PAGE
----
So long, 2019. To be fair, you had some high points. We shared some really exciting moments, and it was fun getting to know you.
Well, mostly it was fun. But sometimes it wasn’t.
I don’t want to sound ungrateful, 2019. I mean, we did make some amazing memories, you and I, and I appreciate those times for sure. Remember the quiet mornings when we sat with a book on the porch swing at the cabin and watched the sun as it rose above the rugged mountain peaks? Wow, 2019. That was incredible. Or the week when our troubles were swept away with each crashing wave that pounded the Carolina shore? I loved that week, 2019. I really did. The boys have grown and matured, and my oldest started driving – which still doesn’t even seem possible. You were with me when I let go of some old things and embraced some new things, when I looked at myself in the mirror and saw a different woman staring back, when I started imagining a future that I hadn’t been able to envision before. You didn’t spare much time for me to write last year, but you helped me rediscover who I am, take some risks, achieve some professional success, and go back to school. You reminded me that the writing will come, that every minute with my high school student is precious, and that every conversation with my middle schooler is more important than anything else I could be doing in that moment.
My heart is overflowing with gratitude for those moments. I’m thankful for the lessons, the wisdom, and the relationships that we cultivated together, 2019.
To be honest, I thought we were friends.
I didn’t realize how needy you were until you orchestrated such an ugly grand exit. It turns out you were kind of a jerk.
In these last two weeks, 2019, you got me thinking about how I want to be remembered. I want my legacy to be so much different than yours. I hope that the last thing I do is to help someone, to encourage them or feed them or share some meaningful, hard-earned advice. You know, something beautiful that my friends will reflect on in my absence – You heard the last thing that she did, right? Of course, she was helping someone! That’s just who she was! I’m not saying that will happen or that I’m deserving; I’m just saying that’s the legacy I would hope for.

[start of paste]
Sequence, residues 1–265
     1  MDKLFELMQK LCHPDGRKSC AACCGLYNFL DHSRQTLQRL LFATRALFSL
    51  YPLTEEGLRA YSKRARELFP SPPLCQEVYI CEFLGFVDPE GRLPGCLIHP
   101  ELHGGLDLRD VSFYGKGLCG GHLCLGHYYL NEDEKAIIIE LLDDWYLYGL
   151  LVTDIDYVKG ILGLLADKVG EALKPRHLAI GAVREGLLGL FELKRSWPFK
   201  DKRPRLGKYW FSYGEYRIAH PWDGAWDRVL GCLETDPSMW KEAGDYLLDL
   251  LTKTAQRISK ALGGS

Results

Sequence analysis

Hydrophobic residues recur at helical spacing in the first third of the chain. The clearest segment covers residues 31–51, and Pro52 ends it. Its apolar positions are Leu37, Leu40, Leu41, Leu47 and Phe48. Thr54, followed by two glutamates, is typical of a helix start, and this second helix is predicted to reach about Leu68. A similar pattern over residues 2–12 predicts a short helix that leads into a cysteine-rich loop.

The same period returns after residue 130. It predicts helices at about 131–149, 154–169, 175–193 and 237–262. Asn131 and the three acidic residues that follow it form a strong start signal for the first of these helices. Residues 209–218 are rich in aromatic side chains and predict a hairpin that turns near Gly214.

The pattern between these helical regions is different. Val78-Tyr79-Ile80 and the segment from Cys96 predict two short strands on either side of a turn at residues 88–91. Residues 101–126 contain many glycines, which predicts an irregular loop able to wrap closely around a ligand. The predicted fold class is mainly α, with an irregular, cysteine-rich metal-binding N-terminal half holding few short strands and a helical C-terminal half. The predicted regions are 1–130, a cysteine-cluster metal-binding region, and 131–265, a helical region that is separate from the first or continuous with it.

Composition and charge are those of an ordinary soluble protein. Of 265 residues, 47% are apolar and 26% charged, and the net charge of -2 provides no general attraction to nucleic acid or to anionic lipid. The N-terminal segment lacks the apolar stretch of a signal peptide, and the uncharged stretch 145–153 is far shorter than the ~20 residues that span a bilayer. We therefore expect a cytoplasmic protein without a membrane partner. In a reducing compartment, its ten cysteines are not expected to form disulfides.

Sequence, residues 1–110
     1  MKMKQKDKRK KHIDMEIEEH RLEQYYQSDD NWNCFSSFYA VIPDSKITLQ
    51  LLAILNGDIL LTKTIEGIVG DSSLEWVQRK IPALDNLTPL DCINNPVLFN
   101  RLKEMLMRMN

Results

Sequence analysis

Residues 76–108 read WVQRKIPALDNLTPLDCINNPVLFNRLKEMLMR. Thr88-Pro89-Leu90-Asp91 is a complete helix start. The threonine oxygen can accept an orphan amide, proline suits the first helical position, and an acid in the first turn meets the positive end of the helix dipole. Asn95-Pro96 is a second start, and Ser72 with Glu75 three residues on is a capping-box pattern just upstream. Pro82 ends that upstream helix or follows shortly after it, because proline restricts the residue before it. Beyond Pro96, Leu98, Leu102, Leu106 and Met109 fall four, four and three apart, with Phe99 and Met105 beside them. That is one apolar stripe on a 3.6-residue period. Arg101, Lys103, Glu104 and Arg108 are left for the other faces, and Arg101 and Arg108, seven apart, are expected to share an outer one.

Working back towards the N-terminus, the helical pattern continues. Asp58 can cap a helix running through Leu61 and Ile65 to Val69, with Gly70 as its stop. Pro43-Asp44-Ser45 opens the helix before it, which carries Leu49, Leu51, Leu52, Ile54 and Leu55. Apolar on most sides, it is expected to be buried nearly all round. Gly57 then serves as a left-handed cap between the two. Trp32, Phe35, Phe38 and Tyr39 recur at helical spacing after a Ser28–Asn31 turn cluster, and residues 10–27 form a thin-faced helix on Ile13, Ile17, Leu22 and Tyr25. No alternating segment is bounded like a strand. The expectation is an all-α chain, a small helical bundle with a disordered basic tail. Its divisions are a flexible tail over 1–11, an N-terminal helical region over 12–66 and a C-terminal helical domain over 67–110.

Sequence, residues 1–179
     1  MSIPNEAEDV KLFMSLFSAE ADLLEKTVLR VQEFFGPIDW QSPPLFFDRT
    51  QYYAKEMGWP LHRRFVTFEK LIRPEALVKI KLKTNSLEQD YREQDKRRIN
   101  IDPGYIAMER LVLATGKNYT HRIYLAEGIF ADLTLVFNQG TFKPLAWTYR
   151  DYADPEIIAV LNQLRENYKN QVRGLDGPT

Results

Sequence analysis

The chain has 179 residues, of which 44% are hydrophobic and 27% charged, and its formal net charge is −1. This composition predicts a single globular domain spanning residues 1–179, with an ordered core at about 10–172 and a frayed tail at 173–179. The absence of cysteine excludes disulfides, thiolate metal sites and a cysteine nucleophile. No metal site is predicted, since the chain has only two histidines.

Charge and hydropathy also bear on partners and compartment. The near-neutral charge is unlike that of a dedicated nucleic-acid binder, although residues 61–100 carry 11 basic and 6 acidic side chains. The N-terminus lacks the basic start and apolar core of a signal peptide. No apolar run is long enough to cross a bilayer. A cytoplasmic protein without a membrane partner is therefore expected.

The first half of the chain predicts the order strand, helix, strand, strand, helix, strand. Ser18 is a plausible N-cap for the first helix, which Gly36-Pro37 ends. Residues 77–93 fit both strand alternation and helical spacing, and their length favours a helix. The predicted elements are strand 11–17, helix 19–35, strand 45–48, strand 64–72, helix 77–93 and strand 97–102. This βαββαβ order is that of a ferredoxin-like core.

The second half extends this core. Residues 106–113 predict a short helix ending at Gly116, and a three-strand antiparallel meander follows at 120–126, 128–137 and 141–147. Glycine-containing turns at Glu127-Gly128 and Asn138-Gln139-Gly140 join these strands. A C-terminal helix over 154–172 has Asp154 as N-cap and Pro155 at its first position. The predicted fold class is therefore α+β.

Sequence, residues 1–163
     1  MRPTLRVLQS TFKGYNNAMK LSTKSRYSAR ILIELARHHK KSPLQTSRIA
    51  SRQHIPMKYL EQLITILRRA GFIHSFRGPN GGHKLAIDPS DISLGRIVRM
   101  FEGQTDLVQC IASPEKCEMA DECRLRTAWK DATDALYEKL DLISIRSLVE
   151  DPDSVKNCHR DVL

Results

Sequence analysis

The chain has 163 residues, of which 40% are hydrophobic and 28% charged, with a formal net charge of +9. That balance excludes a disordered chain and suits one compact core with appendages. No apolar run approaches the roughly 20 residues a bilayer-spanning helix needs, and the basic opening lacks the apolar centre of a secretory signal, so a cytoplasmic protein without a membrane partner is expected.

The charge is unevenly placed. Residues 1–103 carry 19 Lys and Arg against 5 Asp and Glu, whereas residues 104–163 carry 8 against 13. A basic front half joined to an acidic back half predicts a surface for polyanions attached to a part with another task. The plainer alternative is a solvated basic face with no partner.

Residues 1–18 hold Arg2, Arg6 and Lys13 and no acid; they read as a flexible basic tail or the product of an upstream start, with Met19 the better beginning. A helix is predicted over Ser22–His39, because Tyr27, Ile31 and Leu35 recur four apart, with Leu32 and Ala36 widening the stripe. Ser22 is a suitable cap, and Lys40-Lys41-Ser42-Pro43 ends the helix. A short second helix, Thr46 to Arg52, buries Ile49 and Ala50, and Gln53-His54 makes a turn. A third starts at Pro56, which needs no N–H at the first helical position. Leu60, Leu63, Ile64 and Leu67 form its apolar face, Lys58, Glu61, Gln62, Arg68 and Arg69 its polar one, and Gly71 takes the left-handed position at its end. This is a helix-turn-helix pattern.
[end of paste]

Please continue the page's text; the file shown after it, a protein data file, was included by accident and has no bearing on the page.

That’s why I don’t understand what you were thinking, 2019. You chose a completely different path – and for that you will be remembered.
That’s the thing about tragedy. It is memorable.
Typically at this time of year, I feel inspired to write some profound reflections on the past twelve months and to shower the Internet with my eternal spring of hope for the future. That spring is still flowing, 2019 – surely you have noticed that I ABSOLUTELY REFUSE to allow any day or week or year to drain it – but there are ominous clouds hanging all over my community this week. One hovers right above my sweet friend’s home, and there is no ignoring its shadow. In our joy and celebration, in the glow of the fireworks and sparklers welcoming the promise of 2020, there has been pain. The deep, dark kind of pain that seeps like oil into every hollow space within your heart.
Listen, 2019, I’ve been around the block a time or two with some of your friends who’ve come and gone before, and I already know that Joy and Suffering coexist with us on this rotating planet. I also know that we often forget that both are with us, without fail, all of the time. When we celebrate, we don’t invite Suffering to the party; if she is excluded, then we can pretend for as long as possible that she doesn’t exist. And when we are suffering, we forget that Joy awaits nearby, clouded by the darkness. She is a loyal friend, patiently waiting until we can see through the thick fog and embrace her once again.